Parents sue over Arkansas school district’s mask mandate
LITTLE ROCK, Ark. (AP) — Three parents are suing over a northwest Arkansas school district’s decision to require face masks after a judge blocked the state’s mask mandate ban, as the state reported its biggest one-day jump in cases in seven months.
The lawsuit filed Wednesday over the Bentonville School District’s mandate argues the local school board had no authority to impose the requirement. The parents are asking a Benton County judge to temporarily block the district from enforcing the ban while they challenge it.
The parents are “forced to choose either to exercise their fundamental liberty interests in refusing to place face coverings on their children against their will or for the children to face expulsion from school,” the lawsuit said.
Public health officials have urged schools to require masks to prevent the spread of the coronavirus due to the highly contagious delta variant. The state’s virus cases rose by 3,549 on Thursday, the Department of Health said.
Thursday marked the biggest one-day jump the state has seen since Jan. 6, when it reported more than 3,700 new cases. Asa Hutchinson said students’ return to classes statewide this week is one reason for the spike.
Arkansas ranks fourth in the country for new cases per capita, according to figures compiled by Johns Hopkins University researchers. The state’s COVID-19 hospitalizations rose by 38 to 1,410, and the state reported 16 new deaths from the virus.
Hutchinson said 118 public school districts and charter schools have imposed mask mandates since Arkansas’ ban on them was blocked. The requirements cover more than half of the state’s public school students.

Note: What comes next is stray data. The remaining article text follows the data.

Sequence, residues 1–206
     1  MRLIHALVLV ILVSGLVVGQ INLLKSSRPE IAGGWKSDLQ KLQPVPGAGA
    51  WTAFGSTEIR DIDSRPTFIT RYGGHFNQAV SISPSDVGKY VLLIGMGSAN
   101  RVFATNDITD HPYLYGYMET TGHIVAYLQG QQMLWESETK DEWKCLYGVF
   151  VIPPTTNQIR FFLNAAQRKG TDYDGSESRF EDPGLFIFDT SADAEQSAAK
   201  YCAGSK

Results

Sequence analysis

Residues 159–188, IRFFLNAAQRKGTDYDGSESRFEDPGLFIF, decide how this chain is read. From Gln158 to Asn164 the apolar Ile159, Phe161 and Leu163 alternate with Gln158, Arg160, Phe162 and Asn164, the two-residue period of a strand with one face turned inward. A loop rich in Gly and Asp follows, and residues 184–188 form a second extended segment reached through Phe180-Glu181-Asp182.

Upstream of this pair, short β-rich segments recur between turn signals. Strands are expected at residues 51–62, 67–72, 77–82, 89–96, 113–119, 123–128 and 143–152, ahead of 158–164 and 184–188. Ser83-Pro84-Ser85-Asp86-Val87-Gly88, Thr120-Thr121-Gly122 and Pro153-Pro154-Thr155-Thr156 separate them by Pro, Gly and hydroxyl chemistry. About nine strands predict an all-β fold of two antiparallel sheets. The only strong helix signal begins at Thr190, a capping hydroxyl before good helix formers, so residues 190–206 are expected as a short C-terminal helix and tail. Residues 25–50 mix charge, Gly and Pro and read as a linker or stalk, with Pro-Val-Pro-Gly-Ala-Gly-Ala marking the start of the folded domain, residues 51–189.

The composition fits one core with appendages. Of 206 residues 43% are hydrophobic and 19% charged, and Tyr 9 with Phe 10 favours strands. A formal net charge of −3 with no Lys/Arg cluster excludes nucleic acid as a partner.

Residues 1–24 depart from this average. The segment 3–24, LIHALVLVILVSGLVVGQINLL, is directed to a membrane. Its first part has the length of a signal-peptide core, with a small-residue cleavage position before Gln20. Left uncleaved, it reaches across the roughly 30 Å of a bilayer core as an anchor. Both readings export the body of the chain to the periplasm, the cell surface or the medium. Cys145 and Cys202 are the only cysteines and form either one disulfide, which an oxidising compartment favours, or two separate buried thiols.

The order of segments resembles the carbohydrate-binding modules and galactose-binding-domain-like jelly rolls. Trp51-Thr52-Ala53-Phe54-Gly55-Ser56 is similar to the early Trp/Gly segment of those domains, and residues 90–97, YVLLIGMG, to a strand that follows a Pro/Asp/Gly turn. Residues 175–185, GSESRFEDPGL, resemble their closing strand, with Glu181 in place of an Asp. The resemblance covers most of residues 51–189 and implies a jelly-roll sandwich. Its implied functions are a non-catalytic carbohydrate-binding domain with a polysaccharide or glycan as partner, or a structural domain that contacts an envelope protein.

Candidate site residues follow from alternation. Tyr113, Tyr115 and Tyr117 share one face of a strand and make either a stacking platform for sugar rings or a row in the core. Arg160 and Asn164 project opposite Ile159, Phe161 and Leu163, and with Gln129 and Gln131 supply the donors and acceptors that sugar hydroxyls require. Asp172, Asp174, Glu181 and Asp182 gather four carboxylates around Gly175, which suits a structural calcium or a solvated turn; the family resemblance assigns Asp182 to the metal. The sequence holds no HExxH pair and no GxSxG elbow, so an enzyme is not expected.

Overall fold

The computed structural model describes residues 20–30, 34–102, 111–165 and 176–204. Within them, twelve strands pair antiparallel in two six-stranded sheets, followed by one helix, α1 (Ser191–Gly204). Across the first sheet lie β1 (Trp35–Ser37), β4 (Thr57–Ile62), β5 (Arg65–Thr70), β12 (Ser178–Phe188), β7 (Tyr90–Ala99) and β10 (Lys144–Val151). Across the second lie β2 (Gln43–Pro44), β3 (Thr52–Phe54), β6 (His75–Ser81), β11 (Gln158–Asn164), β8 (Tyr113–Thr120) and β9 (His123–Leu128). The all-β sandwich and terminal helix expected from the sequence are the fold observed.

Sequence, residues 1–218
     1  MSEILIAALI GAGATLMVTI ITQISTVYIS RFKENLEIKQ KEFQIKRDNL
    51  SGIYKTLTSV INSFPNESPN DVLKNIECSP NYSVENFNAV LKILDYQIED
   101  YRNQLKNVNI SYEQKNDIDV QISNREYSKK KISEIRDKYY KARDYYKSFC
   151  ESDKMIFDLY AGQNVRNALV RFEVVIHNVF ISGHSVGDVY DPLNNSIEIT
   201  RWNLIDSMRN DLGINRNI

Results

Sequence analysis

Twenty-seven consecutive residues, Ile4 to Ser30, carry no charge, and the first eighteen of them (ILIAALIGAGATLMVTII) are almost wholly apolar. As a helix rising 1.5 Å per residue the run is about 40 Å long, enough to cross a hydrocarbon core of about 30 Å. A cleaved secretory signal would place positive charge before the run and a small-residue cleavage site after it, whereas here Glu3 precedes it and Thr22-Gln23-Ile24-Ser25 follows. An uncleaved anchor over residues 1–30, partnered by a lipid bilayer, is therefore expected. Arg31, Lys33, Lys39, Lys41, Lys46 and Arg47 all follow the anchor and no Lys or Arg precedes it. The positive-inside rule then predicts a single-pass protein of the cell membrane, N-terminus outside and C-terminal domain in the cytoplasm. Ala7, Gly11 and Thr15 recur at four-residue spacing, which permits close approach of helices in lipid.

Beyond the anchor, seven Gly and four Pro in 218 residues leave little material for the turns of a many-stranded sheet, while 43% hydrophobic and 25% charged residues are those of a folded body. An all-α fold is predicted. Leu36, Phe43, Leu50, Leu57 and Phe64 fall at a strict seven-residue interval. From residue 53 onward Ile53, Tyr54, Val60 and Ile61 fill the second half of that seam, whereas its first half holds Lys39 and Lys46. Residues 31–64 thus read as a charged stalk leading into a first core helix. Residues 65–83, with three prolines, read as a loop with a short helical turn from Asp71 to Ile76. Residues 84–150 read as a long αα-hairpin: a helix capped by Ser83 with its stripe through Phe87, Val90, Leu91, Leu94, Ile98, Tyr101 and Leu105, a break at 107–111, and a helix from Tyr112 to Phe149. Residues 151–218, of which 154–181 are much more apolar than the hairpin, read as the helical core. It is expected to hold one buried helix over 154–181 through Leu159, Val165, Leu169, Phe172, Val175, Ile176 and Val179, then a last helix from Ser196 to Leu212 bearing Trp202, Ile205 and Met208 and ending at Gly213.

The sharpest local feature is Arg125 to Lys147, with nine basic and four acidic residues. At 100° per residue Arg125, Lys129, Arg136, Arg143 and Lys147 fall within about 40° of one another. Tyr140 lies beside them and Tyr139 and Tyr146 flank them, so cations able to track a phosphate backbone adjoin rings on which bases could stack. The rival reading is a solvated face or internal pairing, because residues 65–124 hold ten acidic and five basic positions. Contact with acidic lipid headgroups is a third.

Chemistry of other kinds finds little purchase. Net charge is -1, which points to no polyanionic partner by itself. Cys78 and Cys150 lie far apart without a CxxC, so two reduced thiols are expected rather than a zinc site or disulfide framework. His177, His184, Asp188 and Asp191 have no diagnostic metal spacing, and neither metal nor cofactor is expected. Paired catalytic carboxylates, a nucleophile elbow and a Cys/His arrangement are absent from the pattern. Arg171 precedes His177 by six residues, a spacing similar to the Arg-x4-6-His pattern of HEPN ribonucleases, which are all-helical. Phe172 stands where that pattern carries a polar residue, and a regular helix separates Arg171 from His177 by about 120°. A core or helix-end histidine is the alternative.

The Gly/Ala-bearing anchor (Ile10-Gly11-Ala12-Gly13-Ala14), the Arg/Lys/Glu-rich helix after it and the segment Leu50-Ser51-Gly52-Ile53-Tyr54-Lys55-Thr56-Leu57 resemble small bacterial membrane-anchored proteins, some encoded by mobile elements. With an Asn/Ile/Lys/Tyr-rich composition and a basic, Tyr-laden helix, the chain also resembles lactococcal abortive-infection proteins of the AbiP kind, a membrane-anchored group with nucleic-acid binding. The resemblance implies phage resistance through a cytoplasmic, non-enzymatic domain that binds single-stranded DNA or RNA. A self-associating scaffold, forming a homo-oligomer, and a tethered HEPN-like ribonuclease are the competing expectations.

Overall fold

“Our legal counsel is currently reviewing the matter and we look forward to a vigorous defense of our district,” Leslee Wright, a spokeswoman for the Bentonville School District, said in a statement.
Hutchinson, a Republican, has said he regretted signing the mask mandate ban and agreed with the judge’s decision against the law.
“What we see is that school districts are weighing this decision very carefully, they’re listening to people and they’re making a judgment based upon what they see is the best health outcome for students in their district,” Hutchinson said.
The state is delivering more than 500,000 high filtration face masks to public schools this week, Hutchinson said, with 325,000 specifically designed for children.
A state lawmaker on Thursday also said she tested positive for COVID-19 and was isolating at home. Republican Rep. Julie Mayberry said she tested positive on Wednesday and had few symptoms other than pain in her leg and hip.
Mayberry received her second dose of coronavirus vaccine on Aug. 12. Mayberry had received her first dose in March but had delayed getting the second one after having an adverse reaction. The lawmaker said she decided to get the second dose this month because of the rise in cases due to the delta variant.
During a special session earlier this month, Mayberry sponsored one of two bills rejected by a House committee that would have amended the state’s mask mandate ban to allow some schools to require them. That session adjourned hours before the state’s mask mandate ban was blocked.